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Cyanotic Congenital Cardiac Defects

Cyanotic Congenital Cardiac Defects

Cyanotic cardiac defect is a group-type of congenital heart defects (CHDs),In a specific topic congenital heart defects which are associated with Cyanosis that occurs due to deoxygenated blood bypassing the lungs and entering the systemic circulation or a mixture of oxygenated and unoxygenated blood entering the systemic circulation. It is caused by structural defects of the heart (ie:right-to-left , bidirectional shunting, malposition of the great arteries), or any condition which increases pulmonary vascular resistance. The result being the development of collateral circulation is called as Cyanotic Congenital Cardiac Defects.

Cyanotic Cardiac Defects

Cyanotic Cardiac Defects

Condition includes

Tetralogy of Fallot (ToF)
Total anomalous pulmonary venous connection
Hypoplastic left heart syndrome (HLHS)
Transposition of the great arteries (d-TGA)
Truncus arteriosus (Persistent)
Tricuspid atresia
Interrupted aortic arch
Pulmonary atresia (PA)
Pulmonary stenosis (critical)
Eisenmenger syndrome(Reversal of Shunt due to Pulmonary Hypertension) .
Patent ductus arteriosus may cause cyanosis in late stage

Increased pulmonary blood flow

Transposition of the great arteries

Truncus arteriouses

Total anomalous pulmonary venous connection 

Cyanotic Congenital Cardiac Defects

Cyanotic Congenital Cardiac Defects

Normal to decreased pulmonary blood flow

          I. Dominant left ventricle

(a) Tricuspid atresia

(b) Ebstein’s anomaly of the tricuspid valve

         II. Dominant right ventricle

(a)  Normal or low pulmonary arterial pressure Tetralogy of Fallot

(b)  Elevated pulmonary arterial pressure Ventricular septal defect with reversed shunt (Esenmenger’s complex)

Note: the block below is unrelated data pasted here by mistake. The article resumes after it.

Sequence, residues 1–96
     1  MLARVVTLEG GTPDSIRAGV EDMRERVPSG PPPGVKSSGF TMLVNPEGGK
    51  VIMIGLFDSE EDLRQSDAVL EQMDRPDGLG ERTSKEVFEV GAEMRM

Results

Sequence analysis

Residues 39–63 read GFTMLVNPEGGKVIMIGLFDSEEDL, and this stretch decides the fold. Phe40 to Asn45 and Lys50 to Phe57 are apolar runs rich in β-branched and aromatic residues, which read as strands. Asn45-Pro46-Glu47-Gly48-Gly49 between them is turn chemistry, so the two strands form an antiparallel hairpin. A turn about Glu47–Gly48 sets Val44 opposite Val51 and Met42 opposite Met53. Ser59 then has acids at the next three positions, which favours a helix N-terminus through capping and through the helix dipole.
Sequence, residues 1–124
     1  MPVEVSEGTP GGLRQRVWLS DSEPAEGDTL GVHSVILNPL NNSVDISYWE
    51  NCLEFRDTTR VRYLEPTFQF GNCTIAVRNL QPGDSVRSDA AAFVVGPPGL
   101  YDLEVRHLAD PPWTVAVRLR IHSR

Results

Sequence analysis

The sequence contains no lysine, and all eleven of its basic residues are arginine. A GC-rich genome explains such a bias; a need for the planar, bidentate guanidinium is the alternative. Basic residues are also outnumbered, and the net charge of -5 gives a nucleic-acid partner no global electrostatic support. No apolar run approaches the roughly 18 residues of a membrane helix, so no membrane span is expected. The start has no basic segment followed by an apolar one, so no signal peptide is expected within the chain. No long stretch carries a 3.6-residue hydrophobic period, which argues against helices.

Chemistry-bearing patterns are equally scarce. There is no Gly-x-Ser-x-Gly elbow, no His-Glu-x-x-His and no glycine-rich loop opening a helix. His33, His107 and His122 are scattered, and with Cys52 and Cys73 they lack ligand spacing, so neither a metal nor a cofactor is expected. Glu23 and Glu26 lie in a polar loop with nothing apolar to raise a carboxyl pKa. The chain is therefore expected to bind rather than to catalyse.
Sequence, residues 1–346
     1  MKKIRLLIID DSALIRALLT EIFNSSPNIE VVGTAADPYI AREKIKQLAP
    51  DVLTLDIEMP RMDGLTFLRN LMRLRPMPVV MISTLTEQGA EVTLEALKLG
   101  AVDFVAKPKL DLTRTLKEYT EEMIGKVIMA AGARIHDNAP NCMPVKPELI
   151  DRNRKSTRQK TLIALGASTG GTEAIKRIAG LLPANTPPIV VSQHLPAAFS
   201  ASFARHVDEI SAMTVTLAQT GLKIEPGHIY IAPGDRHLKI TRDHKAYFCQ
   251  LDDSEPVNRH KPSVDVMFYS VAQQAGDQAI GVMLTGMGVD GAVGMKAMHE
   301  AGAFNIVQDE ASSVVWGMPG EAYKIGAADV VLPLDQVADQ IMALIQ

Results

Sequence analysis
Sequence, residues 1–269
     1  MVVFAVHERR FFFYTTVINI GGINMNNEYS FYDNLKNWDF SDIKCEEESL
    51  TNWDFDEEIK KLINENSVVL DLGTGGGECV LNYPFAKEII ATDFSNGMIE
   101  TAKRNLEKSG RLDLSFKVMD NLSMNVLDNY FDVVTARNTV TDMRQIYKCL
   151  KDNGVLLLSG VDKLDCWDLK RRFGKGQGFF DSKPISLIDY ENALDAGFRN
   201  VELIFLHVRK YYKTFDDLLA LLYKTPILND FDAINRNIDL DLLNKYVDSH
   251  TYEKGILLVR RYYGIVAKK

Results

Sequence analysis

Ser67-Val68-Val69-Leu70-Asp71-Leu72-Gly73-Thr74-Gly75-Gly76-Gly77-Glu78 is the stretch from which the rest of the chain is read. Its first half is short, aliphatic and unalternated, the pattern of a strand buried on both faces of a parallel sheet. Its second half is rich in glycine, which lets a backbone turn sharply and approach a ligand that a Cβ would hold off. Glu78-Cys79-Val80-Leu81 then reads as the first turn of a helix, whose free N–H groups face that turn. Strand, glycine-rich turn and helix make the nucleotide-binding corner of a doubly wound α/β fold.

Cyanosis Abirth (2 As5 Ts)

        Artresia of aorta

        Atresia of pulmonary artery

        Tricupid atresia

        Truncus arterious

        Transposition of vessels

        Tetralogy of Fallot

        Total anomalous pulmonary venous drainage

Common lesions (if child survives infancy)

Non-Cyanotic Congenital Cardiac Defects :  Right Ventricular Hypertrophy : Atrial Septal Defect,Pulmonary Stenosis

Left Ventricular Hypertrophy : Patent Ductus Arteriosus, Ventricular Septal Defect, Coarctation

Cyanotic Congenital Cardiac Defects     :   Tetralogy of Fallot

Single gene defects and congential heart disease

Noonan’s syndrome       :  Hypertrophic cardiomyopathy

Pulmonary Stenosis

Atrial Septal Defect

Marfan’s syndrome        :  Aortic root dilatation

Mitral Valve Prolapse

Holt-Oram syndrome     :   Atrial Septal Defect

Ventricular Septal Defect (occasional)

Down’s syndrome

40% have congenital heart disease

40% of these are A-V septal defects

Other Lesions

Ventricular Septal Defect   :         30%

Atrial Septal Defect               :         10%

Tetrology of Fallot                 :         5%

Patent Dutus Arteriosus       :         5%


  ASD PS PDA VSD Coarctation
As.anomalies APVD VSD ASDAortic root ano. Isolated (usually) PS PDA BicuspidAort.  Valve Aneu.of sinus of Valsalva
Signs Sys.mur.S2Wide split Mild Harsh sys.mur.thrill click P2 delay severe No click P2 Absent Cont. Machi-nery mur. Diff. cyanosis Pansys. Mur. Thrill 4th LIS Delayed femorals Reversed Hills Suzmans Ejection click Sys.mur
ECG RBBB RVH plus strain LVH LVH or LVH plus RVH LVH
Radiology Hilar dance Oligemia Post-sten.dil. Prominent pul.conus Vascularity plus RVH Rib notching Reversed 3 sign
Other features Only cong. Lesion in which acquired lesion may be present Moon face (at times) Compen.channel in Tetra logy Tricuspid atresia Transp. Loudness and length of murmur inversely prop.to size of defect 4-5 times more in males lower limbus less developed

Incidence of congenital heart disease

0.8 percent of all live births (Excluding MVP and bicuspid aortic valve)

Manifest with failure to survive to adulthood or progressive hemodynamic changes

Biscupid aortic valve (2 percent of population)

Mitral valve prolapse (5 percent of population)

Most common congenital heart diseases in adult are stenosis of bicuspid aortic valve and Atrial septal defect.

Common Congenital Heart Diseases at Birth

i.      Ventricular septal defect (30percent)

ii.     Atrial septal defect

iii.     Patent ductus arteriouses

iv.     Pulmonic stenosis

v.      Coarctation of aorta

vi.      Aortic stenosis

vii.     Tetralogy of fallot

viii.    Transposition of great vessels

ix.      Persistent truncus arteriousus

x.       Tricuspid atresia

xi.       Double outlet right ventricle

xii.      Annomalous pulmonary venous connections

Treatment options in Cyanotic Congenital Cardiac Defects

Morphine during Tet spells to decrease associated infundibular spasm.
Prophylactic: Propranolol/Inderall
Prostaglandin E (to keep the ductus arteriosus patent)
Prophylactic antibiotic to prevent endocarditis

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